The present temple, Nakuleasvaram, at Keerimalai is a recent structure. There is a strong possibility that the original temple was a samaadhi temple (a burial or memorial temple). The Pasupatas were largely known to officiate in such temples built for preceptors or rulers.

The story of the mongoose face had come from translating the word nakula into Tamil as keeri, when the original connections with Pasupata Saivism were forgotten.

A similar loss of memory seemed to have taken place in the case of the Keatheesvaram temple at Mantai.

Keatham is a Prakrit form of Kshetram, meaning, a place or sacred place. It was widely used in the late Brahmi inscriptions of Sri Lanka. The word is also found in the Tamil lexicons. Keathaaram was the foremost sacred place for the Pasupatas, who had the habit of naming temples by that name wherever they went.

With the loss of memory, a myth arose that the temple gained the name because Keathu, (the snake-bodied planet of mythology) worshipped Siva there.

The Pasupata establishment at Keerimalai might have succeeded by a Veerasaiva one, probably in the times of the Vijayanagara Empire. Such transitions smoothly took place elsewhere too, because both Pasupatam and Veerasaivam were non-Brahmanic traditions.

Today, Keerimalai is an important centre of the Veerasaivas, who probably had come from Karnataka. Until recent times, the old generation of them was retaining a code-language, with traces of Kannada vocabulary, to speak among them, without being understood by others.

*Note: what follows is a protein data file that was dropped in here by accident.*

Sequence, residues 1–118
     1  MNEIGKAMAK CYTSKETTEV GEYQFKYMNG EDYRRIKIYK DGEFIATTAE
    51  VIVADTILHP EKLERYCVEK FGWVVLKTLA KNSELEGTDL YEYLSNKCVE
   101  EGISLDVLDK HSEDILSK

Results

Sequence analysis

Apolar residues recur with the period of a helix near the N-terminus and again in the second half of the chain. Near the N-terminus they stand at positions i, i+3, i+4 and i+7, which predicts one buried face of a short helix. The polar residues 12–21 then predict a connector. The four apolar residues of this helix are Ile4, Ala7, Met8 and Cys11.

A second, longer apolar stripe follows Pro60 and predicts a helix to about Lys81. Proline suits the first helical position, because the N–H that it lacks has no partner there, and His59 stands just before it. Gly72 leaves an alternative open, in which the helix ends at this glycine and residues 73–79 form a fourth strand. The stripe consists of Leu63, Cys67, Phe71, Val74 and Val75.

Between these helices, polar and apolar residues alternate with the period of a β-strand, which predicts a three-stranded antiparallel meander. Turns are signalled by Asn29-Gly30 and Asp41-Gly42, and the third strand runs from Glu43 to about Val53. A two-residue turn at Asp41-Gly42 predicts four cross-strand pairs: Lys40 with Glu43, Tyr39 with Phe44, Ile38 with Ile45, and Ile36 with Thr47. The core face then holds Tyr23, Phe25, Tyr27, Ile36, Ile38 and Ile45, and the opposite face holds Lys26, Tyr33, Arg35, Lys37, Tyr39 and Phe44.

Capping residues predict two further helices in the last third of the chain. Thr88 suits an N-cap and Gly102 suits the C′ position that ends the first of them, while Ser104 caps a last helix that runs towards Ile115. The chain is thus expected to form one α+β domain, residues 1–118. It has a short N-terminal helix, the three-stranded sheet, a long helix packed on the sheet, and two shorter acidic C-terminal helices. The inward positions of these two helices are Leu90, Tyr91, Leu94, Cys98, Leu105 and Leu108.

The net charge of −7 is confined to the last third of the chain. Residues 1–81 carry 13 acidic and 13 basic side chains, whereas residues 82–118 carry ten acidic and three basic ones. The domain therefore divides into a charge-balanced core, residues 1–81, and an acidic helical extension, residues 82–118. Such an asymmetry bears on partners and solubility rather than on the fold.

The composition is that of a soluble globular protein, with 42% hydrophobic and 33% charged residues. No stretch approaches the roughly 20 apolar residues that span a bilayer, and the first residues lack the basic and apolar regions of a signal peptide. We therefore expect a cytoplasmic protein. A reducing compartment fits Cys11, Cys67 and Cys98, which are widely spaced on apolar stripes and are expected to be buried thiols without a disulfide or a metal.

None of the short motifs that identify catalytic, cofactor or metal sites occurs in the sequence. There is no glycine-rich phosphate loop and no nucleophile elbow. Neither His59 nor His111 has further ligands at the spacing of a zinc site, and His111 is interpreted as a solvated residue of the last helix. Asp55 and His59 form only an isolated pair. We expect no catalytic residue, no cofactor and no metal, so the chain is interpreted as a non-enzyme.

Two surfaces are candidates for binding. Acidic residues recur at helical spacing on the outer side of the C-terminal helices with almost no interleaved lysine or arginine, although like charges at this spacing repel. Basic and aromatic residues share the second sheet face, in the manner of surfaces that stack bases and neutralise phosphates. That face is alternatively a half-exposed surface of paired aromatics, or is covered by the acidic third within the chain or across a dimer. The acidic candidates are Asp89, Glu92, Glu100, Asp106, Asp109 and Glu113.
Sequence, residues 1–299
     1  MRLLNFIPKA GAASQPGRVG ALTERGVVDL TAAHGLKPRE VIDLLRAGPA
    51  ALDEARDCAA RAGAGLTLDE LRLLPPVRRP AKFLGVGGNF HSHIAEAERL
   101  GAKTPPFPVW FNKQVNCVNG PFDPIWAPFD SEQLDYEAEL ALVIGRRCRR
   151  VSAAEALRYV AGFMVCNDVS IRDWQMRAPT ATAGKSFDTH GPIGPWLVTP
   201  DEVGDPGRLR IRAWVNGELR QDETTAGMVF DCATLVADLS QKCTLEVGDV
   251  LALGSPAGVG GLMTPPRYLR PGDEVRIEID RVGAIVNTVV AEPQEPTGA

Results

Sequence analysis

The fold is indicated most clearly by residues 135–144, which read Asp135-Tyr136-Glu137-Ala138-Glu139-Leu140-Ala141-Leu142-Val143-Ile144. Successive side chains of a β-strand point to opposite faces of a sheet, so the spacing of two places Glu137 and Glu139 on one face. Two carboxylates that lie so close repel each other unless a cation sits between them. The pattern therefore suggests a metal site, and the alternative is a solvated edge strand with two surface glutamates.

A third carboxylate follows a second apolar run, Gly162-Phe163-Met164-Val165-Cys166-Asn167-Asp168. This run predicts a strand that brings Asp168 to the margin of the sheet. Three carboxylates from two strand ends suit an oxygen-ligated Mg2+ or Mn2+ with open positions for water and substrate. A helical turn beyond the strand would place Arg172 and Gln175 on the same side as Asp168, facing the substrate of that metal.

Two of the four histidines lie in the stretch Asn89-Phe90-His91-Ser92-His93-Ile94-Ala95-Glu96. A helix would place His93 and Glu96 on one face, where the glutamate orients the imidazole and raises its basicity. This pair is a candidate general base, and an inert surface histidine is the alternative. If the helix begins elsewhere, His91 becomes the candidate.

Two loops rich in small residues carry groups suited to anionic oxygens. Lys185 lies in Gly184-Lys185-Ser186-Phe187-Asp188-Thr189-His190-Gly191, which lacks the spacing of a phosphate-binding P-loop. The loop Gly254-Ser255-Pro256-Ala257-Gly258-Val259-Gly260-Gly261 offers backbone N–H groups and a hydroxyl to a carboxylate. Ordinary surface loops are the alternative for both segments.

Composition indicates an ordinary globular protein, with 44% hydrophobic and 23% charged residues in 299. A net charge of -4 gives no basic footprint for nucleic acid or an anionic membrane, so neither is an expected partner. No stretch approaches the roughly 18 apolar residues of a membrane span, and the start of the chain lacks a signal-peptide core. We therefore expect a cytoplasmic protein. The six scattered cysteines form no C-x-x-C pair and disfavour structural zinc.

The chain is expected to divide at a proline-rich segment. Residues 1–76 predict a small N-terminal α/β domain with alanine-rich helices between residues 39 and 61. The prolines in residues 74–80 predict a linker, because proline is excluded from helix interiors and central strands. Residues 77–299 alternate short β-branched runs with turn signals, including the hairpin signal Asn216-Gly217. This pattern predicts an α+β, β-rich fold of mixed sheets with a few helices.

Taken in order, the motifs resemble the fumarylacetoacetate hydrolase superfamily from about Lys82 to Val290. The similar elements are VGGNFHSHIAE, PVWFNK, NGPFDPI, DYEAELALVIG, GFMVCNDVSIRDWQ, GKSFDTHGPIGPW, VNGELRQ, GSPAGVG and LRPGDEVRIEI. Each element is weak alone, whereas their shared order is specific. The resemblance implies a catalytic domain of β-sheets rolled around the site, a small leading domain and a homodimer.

There is yet another possibility for the origins of the name Keerimalai. As a limestone cliff, it can also mean ‘the white hill’. Keeram is milk according to the lexicons, Thivaakaram, Pingkalam and Choodaama’ni. The cognate in Sinhala is Kiri.

The lexicon Choodaama'ni says Keeri is 'solid'. The Winslow's Tamil Dictionary adds the following meanings for the word Keeri: cactus, a plant (Ophiorrhiza mungo) and a tree (Lythrum pepmphis).

Keerimalai is a pilgrim centre and is considered a sacred place to perform rituals to ancestors. It is located in the Valikaamam North division of the Jaffna district.

The limestone cliff at Keerimalai
The limestone cliff at Keerimalai

First published: Sunday, 01 July 2007, 01:00